Ahead of Friday’s unemployment report, Keith Hall, a senior research fellow at the Mercatus Center at George Mason University and former BLS Commissioner, explains what he’d like to see in the labor market data going forward:
- More of our prime working age population return to the labor force. At just 80.7 percent, the labor force participation rate for this group has been essentially unchanged this year. As this was 83 percent prior to the recession, we’d need to see nearly 2.6 million more of our prime working age population return to the labor force to indicate a full recovery.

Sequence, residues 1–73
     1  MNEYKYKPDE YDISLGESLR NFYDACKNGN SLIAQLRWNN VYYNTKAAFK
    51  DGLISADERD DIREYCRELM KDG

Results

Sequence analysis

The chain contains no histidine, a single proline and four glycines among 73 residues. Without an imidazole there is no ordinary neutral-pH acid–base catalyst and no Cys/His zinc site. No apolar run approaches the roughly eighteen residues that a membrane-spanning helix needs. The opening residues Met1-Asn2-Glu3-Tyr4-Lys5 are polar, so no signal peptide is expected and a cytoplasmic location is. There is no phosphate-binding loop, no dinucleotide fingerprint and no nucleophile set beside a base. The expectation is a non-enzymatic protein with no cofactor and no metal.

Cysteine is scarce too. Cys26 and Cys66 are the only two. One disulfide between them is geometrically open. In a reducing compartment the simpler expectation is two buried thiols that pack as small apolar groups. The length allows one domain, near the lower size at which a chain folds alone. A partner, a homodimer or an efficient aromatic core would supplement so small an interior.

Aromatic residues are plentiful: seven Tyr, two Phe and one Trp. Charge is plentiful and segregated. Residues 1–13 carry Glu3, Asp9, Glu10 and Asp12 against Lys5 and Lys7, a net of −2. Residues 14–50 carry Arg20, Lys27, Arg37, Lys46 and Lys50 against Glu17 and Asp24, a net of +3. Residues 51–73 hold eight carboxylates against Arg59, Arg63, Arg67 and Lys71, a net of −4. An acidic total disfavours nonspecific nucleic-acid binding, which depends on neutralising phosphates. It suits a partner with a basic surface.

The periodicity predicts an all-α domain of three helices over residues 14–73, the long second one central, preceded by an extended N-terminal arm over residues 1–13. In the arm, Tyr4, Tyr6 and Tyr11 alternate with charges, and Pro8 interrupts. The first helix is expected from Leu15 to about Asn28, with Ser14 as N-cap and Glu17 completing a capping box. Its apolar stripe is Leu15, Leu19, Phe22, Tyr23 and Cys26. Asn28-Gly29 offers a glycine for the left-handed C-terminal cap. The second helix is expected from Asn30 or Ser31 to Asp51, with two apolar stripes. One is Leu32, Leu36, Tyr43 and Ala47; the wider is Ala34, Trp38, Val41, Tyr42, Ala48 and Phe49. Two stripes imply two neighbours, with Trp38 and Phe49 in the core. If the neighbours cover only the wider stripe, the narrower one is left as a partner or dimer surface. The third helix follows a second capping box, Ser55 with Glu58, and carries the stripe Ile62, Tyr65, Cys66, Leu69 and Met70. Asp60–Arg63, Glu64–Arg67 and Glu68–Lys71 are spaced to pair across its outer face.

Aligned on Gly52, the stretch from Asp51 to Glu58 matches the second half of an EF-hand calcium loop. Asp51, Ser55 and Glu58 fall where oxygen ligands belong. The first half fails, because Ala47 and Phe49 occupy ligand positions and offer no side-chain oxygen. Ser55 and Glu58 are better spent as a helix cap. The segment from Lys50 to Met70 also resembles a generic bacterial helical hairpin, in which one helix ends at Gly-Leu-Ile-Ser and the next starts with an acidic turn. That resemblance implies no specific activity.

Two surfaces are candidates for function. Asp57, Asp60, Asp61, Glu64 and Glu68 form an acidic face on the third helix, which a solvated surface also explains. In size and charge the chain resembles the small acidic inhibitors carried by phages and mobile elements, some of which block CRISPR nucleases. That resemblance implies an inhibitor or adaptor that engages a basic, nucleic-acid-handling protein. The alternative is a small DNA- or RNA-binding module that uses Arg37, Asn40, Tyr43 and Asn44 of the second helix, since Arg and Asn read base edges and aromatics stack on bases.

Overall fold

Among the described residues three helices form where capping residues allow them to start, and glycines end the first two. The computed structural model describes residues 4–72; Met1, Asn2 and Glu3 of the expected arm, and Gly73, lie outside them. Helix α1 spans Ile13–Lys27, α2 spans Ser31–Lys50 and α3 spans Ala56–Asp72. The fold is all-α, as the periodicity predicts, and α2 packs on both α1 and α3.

- Stronger job growth. Despite the pickup in job creation, only 76.6 percent of the prime working age population are employed. This was about 80 percent prior to the recession – meaning we are still over 4.4 million jobs short for this group alone.
- More jobs converted from part-time to full-time work. The share of the jobs that are part-time remains elevated. So far this year, about 18.1 percent of our jobs are part-time. Though this has declined slightly, only 16.3 percent of jobs were part-time prior to the recession. This means we have over 2.5 million more underemployed, part-time workers.
- The long-term unemployed get a chance to work. The share of the labor force that is long-term unemployed remains at 2.0 percent. This is well over twice as high as before the recession.